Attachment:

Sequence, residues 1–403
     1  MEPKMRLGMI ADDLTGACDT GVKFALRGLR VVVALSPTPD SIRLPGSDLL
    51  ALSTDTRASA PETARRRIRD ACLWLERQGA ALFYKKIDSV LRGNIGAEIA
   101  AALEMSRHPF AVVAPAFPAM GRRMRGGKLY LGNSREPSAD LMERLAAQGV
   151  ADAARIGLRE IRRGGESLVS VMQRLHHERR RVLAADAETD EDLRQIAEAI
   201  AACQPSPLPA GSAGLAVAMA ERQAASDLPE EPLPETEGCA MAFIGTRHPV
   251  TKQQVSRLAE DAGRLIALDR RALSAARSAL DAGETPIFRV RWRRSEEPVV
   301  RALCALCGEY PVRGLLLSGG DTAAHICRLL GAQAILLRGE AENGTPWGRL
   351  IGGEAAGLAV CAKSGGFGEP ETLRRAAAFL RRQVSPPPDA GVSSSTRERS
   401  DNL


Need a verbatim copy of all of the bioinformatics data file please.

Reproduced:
Sequence, residues 1–403
     1  MEPKMRLGMI ADDLTGACDT GVKFALRGLR VVVALSPTPD SIRLPGSDLL
    51  ALSTDTRASA PETARRRIRD ACLWLERQGA ALFYKKIDSV LRGNIGAEIA
   101  AALEMSRHPF AVVAPAFPAM GRRMRGGKLY LGNSREPSAD LMERLAAQGV
   151  ADAARIGLRE IRRGGESLVS VMQRLHHERR RVLAADAETD EDLRQIAEAI
   201  AACQPSPLPA GSAGLAVAMA ERQAASDLPE EPLPETEGCA MAFIGTRHPV
   251  TKQQVSRLAE DAGRLIALDR RALSAARSAL DAGETPIFRV RWRRSEEPVV
   301  RALCALCGEY PVRGLLLSGG DTAAHICRLL GAQAILLRGE AENGTPWGRL
   351  IGGEAAGLAV CAKSGGFGEP ETLRRAAAFL RRQVSPPPDA GVSSSTRERS
   401  DNL